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Alan Tully, Chair 128 Inner Campus Dr., Stop B7000, GAR 1.104 Austin, TX 78712-1739 • 512-471-3261

Two historians listed as experts for Black History Month

Professors Tiffany Gill and Juliet E.K. Walker are listed among the College of Liberal Art's faculty experts available for dialogue.

Posted: February 2, 2011
Professors Tiffany Gill and Juliet Walker

Professors Tiffany Gill and Juliet Walker

February marks the celebration of Black History Month, a remembrance of important people and events in African American history.

Two Department of History faculty members at The University of Texas (UT) at Austin are available to discuss issues ranging from racial rhetoric in the United States to the "Oprah effect" or racial disparities in health and education. Below are potential story ideas to mark Black History Month and two department researchers who are available to discuss these topics.

African American Business and Entrepreneurship

Possible topics:

  • The most influential black business leaders of all time
  • The state of black-owned businesses in America
  • The legacy of Oprah Winfrey as she introduces her new network

Juliet Walker
Professor, Department of History
512-471-5581
jekwalker@mail.utexas.edu

Walker researches African American business, capitalism, race and the black political economy, free blacks and slavery,black intellectual history and women's history. She is working on a book manuscript, "Oprah Winfrey: An American Entrepreneur," for Harvard Business School Press.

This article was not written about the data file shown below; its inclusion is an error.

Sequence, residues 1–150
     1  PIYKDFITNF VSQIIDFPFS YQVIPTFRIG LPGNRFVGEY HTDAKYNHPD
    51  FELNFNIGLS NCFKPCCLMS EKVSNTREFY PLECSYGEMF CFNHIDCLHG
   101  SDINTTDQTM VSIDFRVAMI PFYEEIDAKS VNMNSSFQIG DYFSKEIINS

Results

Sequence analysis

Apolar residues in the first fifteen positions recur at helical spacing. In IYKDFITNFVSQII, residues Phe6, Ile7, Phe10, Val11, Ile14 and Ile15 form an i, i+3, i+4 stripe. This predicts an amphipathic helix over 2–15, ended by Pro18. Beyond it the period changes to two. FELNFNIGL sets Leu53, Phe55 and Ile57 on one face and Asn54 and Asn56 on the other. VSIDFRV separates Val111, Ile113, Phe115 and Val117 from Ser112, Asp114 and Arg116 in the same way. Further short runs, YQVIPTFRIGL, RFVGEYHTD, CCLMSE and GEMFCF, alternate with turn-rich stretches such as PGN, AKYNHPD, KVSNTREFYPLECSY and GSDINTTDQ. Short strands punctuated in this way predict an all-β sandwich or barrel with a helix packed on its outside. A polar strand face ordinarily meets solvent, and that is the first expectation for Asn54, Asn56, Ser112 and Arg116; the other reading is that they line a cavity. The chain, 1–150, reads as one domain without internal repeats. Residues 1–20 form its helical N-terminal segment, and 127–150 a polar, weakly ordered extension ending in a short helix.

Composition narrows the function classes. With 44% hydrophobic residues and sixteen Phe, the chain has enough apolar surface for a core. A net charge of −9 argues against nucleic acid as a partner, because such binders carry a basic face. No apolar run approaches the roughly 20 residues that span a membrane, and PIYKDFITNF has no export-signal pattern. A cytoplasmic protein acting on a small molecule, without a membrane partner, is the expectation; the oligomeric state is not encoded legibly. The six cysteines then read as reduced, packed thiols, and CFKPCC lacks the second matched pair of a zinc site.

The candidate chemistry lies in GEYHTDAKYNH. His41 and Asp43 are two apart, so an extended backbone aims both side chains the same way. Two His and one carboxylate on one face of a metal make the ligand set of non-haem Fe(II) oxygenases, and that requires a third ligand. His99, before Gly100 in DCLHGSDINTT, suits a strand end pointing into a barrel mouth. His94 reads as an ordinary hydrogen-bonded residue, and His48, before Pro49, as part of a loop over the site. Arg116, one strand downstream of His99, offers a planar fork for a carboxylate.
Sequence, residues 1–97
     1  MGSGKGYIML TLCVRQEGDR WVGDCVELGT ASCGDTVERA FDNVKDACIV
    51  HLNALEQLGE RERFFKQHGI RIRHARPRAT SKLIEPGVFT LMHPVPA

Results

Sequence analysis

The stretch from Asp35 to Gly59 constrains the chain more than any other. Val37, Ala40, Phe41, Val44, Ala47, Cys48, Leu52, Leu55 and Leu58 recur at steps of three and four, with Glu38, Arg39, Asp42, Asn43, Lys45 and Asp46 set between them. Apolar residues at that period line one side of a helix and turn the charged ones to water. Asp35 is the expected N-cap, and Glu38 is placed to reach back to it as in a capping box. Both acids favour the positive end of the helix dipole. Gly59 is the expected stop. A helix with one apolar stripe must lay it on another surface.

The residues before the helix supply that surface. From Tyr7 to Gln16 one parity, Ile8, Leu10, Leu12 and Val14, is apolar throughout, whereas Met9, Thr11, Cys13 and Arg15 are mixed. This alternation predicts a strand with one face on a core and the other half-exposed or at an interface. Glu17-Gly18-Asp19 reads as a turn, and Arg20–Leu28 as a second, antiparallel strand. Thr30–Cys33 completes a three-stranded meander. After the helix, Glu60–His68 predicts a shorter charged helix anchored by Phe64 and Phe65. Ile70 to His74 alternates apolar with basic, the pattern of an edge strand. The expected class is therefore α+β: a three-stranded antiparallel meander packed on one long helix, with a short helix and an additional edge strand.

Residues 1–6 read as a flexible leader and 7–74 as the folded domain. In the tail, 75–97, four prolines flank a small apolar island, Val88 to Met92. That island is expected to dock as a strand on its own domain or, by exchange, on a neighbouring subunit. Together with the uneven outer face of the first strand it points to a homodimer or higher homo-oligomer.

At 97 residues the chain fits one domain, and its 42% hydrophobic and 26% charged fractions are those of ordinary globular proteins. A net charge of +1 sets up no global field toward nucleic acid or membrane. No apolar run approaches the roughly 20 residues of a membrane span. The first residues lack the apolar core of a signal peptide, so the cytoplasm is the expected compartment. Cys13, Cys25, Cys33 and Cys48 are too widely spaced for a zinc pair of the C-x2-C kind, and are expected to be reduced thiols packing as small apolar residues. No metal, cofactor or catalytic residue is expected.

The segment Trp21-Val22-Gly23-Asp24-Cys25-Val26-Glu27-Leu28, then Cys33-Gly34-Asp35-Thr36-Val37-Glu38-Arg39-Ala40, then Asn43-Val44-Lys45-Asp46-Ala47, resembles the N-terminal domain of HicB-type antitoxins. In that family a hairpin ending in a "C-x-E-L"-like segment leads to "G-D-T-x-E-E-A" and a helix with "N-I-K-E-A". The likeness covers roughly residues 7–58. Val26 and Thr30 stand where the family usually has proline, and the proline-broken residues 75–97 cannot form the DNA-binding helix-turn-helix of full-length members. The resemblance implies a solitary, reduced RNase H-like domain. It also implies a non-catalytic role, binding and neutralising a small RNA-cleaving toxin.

Beauty Shop Politics


Possible topics:

  • Beauty parlors as platforms for political activism
  • The creation of the modern black female identity
  • The everyday operations and rich culture of black beauty salons and their role in building community

Tiffany Gill
Assistant Professor, Department of History
512-475-7925
tmgill@mail.utexas.edu

Gill examines the role of African American beauticians and beauty salons in 20th century social, political and economic movements. Her research and teaching specializations address the impact of race, class and gender on constructions of American identities. To learn more, read her Q&A on beauty shop politics.

View entire list on College of Liberal Arts website...

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